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Power BI: Q&A Power BI Desktop

13 September 2018

As we promised in our recent newsletter, we’ll be spending the next couple of months talking about some of the new Power BI features that are being rolled out.

 

This week, we’re talking about Q&A – not in the Power BI Service, but in Power BI Desktop.  This is a feature that has been in preview for a long while, but has only recently made it into general release.

Q&A gives you the ability to ask plain language questions about your data.  To access this, you can find it on the Home tab under Insert, or you can double click anywhere on a report page.  Doing either of these will pop up a new visualisation and text box as follows:

We can use this facility to ask questions about our dataset.  Typing in a question will generate visualisations as Power BI attempts to answer them, using field names, looking through values, and trying to choose an appropriate visualisation to match.

If we’re happy with this visualisation, we can simply select anywhere else on the report page, and the visualisation will be set.  Otherwise, we can keep typing new words in the visualisation to keep updating and customising it.

You can use this as a quick way to populate a report.  For example, rather than setting up visualisations manually, you can type in five quick questions and rearrange your results.

The challenge in getting Q&A working well is to have well defined table and field names.  This has the biggest impact in helping Power BI understand what your dataset contains and where it can find the answers to your questions.  Let’s take a look at an example:

In the example above, we are asking Power BI to “map sales in Australia by state”.  However, it’s giving us this very strange result – we’ve got a whole range of different map points listed (none of which are actually in Australia!), and a legend that breaks down each point to values relating to the Australian states.

If we click on some of the underlined words, we can see what it’s trying to do:

It correctly recognises that the “Map” element is intended to pick up the Map visualisation type.  However, it looks at “sales” and interprets that as referring to the Sales table, rather than the SalesAmount field (i.e. the value that we might refer to in a business as “Sales”) that is located in the Sales table.  We can select the sales amount item to help Power BI identify what it is that we’re looking at.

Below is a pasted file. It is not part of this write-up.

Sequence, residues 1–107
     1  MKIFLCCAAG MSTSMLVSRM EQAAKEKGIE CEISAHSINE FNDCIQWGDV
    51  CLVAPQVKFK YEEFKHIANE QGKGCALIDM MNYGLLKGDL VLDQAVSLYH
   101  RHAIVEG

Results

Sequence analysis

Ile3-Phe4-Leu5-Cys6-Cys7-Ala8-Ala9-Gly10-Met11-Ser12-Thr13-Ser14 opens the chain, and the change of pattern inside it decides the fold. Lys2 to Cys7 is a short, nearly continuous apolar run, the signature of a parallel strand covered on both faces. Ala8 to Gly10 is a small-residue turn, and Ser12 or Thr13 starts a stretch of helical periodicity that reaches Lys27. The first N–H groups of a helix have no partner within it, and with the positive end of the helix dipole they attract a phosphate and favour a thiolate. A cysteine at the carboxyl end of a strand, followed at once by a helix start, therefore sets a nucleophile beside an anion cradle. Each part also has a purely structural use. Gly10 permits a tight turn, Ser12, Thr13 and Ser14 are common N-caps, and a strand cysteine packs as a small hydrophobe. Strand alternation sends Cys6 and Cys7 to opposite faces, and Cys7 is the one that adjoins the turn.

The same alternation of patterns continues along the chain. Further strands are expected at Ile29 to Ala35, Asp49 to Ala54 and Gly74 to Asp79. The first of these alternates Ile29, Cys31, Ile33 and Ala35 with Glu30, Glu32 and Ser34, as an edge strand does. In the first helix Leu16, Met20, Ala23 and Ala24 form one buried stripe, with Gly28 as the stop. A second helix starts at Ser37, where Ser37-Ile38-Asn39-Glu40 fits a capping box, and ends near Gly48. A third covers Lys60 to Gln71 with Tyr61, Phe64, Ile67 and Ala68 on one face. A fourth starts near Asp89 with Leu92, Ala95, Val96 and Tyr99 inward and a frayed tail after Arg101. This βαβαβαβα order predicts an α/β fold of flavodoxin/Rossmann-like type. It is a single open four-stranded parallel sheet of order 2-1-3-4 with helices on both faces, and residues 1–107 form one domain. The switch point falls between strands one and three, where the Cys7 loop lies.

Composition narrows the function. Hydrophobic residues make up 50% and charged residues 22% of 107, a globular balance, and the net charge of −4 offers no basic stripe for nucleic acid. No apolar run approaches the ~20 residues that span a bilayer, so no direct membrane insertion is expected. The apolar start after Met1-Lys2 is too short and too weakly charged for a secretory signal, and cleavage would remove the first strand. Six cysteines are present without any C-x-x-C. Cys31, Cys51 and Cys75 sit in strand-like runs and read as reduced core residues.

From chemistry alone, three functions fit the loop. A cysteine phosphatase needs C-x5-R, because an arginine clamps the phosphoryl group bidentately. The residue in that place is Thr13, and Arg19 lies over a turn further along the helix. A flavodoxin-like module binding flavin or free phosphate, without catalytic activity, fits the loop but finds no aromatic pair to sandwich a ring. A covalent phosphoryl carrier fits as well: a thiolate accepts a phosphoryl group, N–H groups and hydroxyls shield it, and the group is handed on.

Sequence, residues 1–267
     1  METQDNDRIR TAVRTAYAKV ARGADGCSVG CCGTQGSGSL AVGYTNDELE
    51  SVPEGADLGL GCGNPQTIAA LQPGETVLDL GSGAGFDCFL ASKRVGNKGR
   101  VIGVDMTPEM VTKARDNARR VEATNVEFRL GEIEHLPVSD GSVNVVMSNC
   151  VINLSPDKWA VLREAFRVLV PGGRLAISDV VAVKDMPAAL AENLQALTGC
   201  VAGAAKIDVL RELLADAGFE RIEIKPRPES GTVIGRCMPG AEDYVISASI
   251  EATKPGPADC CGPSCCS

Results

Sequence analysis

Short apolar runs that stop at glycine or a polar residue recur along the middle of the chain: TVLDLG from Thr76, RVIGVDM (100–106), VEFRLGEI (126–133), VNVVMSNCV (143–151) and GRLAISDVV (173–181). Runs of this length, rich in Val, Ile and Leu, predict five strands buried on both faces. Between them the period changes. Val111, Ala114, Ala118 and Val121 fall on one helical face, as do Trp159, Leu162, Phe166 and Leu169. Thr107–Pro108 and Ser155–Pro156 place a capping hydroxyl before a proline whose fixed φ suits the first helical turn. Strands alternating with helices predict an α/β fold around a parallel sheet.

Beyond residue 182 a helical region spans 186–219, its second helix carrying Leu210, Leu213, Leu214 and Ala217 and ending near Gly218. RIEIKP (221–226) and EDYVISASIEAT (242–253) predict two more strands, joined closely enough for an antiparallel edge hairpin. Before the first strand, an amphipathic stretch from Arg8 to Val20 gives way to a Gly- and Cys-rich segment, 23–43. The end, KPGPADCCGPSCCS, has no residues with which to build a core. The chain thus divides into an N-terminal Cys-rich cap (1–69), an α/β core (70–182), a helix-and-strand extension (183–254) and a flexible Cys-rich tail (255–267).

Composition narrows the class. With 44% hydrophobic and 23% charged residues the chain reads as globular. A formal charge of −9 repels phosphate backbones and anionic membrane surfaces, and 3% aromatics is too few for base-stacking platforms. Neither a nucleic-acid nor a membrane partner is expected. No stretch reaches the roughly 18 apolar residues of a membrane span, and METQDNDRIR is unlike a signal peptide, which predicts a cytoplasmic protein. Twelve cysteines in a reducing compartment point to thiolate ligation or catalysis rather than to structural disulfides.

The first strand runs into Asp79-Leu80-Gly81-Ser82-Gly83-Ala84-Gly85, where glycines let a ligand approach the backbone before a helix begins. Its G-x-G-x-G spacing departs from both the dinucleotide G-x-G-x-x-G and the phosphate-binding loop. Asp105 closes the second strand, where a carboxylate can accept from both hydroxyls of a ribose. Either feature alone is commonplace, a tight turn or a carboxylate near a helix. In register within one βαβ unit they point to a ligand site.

In this case though, it’s getting confused again because now it’s failing to recognise “state” as something that could be linked to the sales amount.  So, we can try to be more specific and use the entire field name where the State is stored:

Finally, this gets us the visual that we want to see!  We can see some of the shortfalls with working with field names and table names if they haven’t been set up appropriately for use in Q&A.

Here are some tips for improving your Q&A results:

  • Use distinctly different names for tables and fields.  Instead of calling our transaction table “Sales”, we could have referred to it as “Transactions”, allowing for a distinction between “Sales” the table, and “Sales” the field
  • Rename your field values to reflect the terms that your business would use.  For example, instead of “int_cust_no_key”, being the field coming out of your data warehouse, you could use “Customer Number”.  In the example above, instead of “SalesAmount”, we could use “Sales”
  • Create and label measures appropriately to calculate ratios, as Q&A will generally will only be able to understand basic aggregations

These tips also apply to using Q&A in the Power BI Service.  Keep on top of your data when you’re bringing it in, and it will pay dividends in the long run.

 

See you next week for more new features and tips!

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